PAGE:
Principle 3: Identity

An individual’s learning can be supported through the establishment of an identity in their environment and among their peers [23]. An identity is likely to engage the performer with a specific aspect of their learning environment, guiding their attention toward its maintenance. As proposed by Ryan and Deci [27], this could encourage the performer to take greater ownership of and responsibility for the learning environment, situating their behaviours and learning in such a way that motivates them to bring life to, and maintain, their identity.

Principle in Sport

Instead of coming directly from a coach, athletes could develop their own strategic principles based on values they perceive as critical to an identity they choose. For example, a rugby league team could choose to identify their attacking principles of play as being ‘creative’ and ‘exciting’. This would encourage them to search their practice and competition environments for opportunities to exhibit such actions when in attack, but not constrain them to a rigid, pre-determined model of doing. As another example, a young player who identifies as a future leader may seek out opportunities within the training environment to further develop this skill set, thus also benefiting the team.

Principle 4: Manipulation and Distribution of Knowledge

A key contention of behaviour when viewed from an ecological dynamics rationale, is that perception and action are tightly coupled [17, 20, 21], meaning that as individuals move, they continue to perceive opportunities to act and vice versa [20]. Learning, from this perspective, is therefore an exploratory process, where individuals progressively learn to perceive various opportunities for action that change as their action capabilities change [17]. Accordingly, during performance preparation, individuals should be exposed to numerous opportunities in which to manipulate and distribute their knowledge of a variety of different perspectives or performance landscapes [28]. This will likely ‘tune-in’ their perceptions in relation to their action capabilities, learning to become more attentive to a variety of opportunities for action when attempting to achieve a particular task goal. To help support the development of varied performance landscapes, performers could be encouraged to manipulate environmental features or distribute their knowledge across different features of the learning process in an effort to help extend and grow their action capabilities [29].

Principle in Sport

Athletes could be encouraged to take on the role of the coach. In this way, the athlete would be responsible for designing a learning activity, including its intentions and task constraints, while concurrently having to consider how to affect its design in real-time if required. This will distribute the athlete’s knowledge of the game, viewing it from the perspectives of the coach, who is likely to directly perceive different features of the game and subsequent possibilities for action from their vantage point. Another example could be a coach manipulating the roles/positions of players in team games to distribute a player’s knowledge of the game (i.e., defenders playing as forwards and vice versa).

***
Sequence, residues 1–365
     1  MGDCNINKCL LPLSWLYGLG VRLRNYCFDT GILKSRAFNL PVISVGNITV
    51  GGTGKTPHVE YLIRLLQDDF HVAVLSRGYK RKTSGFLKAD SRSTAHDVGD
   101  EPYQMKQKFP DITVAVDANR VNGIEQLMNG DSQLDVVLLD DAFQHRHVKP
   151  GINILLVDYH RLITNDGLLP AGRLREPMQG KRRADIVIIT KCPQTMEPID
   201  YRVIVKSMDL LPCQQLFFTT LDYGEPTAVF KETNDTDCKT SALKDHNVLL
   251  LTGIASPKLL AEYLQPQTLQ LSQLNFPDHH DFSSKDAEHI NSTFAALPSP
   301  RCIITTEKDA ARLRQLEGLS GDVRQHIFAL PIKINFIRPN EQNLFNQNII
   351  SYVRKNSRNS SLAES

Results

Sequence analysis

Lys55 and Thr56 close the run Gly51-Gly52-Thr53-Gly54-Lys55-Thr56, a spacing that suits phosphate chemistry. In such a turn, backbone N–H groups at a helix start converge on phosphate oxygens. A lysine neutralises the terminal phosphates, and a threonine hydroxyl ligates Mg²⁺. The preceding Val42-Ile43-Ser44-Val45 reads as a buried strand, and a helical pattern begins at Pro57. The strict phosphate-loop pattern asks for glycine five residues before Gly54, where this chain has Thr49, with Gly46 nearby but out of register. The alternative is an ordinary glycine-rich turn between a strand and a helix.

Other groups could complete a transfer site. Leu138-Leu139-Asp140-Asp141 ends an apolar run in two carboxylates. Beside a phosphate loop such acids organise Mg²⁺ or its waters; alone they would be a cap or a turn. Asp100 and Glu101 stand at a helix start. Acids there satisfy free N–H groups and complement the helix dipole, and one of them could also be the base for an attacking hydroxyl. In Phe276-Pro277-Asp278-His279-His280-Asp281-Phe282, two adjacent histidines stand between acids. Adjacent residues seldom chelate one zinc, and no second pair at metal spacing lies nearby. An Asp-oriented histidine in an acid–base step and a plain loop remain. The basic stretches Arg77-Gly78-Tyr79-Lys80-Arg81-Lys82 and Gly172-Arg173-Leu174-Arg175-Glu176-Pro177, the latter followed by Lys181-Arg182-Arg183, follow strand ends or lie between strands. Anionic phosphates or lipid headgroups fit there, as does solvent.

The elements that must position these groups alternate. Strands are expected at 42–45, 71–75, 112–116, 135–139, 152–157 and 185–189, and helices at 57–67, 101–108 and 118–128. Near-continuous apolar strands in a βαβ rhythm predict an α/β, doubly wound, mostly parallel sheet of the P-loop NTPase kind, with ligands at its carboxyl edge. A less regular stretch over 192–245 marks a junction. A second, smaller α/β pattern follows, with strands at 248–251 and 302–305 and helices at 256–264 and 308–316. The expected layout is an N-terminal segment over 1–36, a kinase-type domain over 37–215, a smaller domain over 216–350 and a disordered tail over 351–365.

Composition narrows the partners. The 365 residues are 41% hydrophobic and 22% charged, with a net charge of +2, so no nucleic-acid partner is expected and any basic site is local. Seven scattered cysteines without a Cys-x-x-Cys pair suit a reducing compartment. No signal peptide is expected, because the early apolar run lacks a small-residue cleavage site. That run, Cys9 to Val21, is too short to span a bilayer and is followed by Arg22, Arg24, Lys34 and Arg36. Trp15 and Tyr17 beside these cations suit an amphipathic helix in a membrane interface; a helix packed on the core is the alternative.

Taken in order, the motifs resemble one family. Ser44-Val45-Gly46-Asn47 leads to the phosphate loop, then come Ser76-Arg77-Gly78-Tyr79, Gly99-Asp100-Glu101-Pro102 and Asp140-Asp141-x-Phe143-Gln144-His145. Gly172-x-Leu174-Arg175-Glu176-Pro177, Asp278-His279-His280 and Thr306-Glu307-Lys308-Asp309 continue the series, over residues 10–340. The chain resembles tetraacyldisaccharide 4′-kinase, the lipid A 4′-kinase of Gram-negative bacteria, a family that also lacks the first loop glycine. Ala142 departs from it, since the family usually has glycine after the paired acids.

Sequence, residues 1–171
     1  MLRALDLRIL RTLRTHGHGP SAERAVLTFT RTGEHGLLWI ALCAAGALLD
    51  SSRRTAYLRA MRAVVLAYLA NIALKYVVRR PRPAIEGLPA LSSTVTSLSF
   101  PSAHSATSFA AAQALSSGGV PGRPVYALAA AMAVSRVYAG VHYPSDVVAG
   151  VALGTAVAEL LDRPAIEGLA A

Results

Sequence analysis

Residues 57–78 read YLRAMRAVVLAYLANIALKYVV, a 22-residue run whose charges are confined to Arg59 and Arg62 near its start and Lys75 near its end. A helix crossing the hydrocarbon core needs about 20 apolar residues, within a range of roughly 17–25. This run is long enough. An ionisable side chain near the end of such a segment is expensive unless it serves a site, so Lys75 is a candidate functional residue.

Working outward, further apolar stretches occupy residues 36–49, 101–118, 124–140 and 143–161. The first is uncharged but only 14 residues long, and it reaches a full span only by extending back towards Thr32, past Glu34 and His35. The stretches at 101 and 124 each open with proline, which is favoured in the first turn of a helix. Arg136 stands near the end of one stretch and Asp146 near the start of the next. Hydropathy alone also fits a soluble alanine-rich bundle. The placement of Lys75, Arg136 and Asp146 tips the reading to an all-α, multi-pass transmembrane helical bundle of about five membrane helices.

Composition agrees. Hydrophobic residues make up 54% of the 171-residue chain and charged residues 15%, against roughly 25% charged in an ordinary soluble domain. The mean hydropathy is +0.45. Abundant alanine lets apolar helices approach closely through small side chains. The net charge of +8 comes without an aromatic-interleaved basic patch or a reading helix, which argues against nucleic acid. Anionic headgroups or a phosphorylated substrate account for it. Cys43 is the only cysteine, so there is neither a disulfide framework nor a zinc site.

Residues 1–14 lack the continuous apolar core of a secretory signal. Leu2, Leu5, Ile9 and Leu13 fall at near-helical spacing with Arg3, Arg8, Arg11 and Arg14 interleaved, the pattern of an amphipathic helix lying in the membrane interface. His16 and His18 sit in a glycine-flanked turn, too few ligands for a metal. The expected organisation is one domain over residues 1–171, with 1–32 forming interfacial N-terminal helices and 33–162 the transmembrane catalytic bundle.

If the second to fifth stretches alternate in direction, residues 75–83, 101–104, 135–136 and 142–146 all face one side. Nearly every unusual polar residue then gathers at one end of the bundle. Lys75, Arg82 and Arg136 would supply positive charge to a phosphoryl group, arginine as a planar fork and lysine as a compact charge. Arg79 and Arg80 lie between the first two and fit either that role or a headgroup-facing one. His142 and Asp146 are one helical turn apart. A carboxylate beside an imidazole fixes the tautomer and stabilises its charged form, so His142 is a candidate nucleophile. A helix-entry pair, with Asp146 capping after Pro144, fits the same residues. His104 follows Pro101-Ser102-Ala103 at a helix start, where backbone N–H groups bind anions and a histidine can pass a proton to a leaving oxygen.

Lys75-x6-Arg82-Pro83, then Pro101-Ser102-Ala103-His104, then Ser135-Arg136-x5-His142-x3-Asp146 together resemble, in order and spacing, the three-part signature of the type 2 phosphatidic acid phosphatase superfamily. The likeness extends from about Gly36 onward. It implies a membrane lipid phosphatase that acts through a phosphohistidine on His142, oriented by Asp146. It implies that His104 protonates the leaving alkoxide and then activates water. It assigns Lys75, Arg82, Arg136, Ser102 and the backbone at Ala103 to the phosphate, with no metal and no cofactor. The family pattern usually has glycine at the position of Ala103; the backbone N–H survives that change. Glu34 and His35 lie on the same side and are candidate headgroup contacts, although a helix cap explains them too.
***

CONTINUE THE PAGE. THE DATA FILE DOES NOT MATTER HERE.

Problem Solving

Principle 5: Well-ordered Problems

If anything is acquired during skill acquisition, from an ecological dynamics perspective, it is a functional and evolving relationship formed between a performer and their performance environment, learning how to adapt movements based on emergent problems encountered [12]. Therefore, problems designed into learning activities need to be closely matched or aligned to a performer’s action capabilities [30, 31]. If the problems are too complex, the performer may be unable to find a way to solve it or do so in a way that leads to negative experiences that could hinder future problem-solving opportunities.

Principle in Sport

An important feature of successful offensive behaviour in football orients ‘tempo control’—defined here as being attuned to opportunities that invite fast or slow ball movement based on a range of interacting constraints, like an opponent’s defence and time of game. Through the use of well-ordered problems, a coach could help players recognise when these opportunities emerge during game-play. For example, a coach could start a task by informing an offensive team that the defence will be either two players up or down, allowing them the opportunity to strategize potential solutions (i.e., determining if they will likely have opportunities to move the ball fast or slow based on a known problem). Once a certain level of success is observed in these more predictable problems, the coach could randomly add or remove defenders without informing the offensive team during the practice task. This creates more challenging and dynamic problems for the offensive team, having to learn to attune to the opportunities to increase or decrease ball movement speed ‘in-game’ rather than discussing possible solutions to known problems ‘out of the game’. This also emphasises the role of the coach as one very much aligned to that of a designer—in that problems are progressively incorporated into the practice task without pre-defined solutions, encouraging players to deepen their knowledge of the performance environment and its emerging (and decaying) opportunities for action.

Principle 6: Pleasantly Frustrating